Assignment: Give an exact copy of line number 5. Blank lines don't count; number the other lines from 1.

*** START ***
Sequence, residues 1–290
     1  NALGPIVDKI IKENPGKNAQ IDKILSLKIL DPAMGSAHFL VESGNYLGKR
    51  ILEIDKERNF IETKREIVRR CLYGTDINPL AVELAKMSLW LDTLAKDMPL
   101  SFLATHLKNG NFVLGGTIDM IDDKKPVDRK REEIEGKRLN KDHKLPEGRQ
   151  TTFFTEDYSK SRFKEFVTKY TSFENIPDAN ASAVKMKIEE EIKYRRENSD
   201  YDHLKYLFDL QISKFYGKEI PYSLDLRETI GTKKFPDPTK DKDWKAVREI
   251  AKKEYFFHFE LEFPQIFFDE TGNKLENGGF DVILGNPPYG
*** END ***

   151  TTFFTEDYSK SRFKEFVTKY TSFENIPDAN ASAVKMKIEE EIKYRRENSD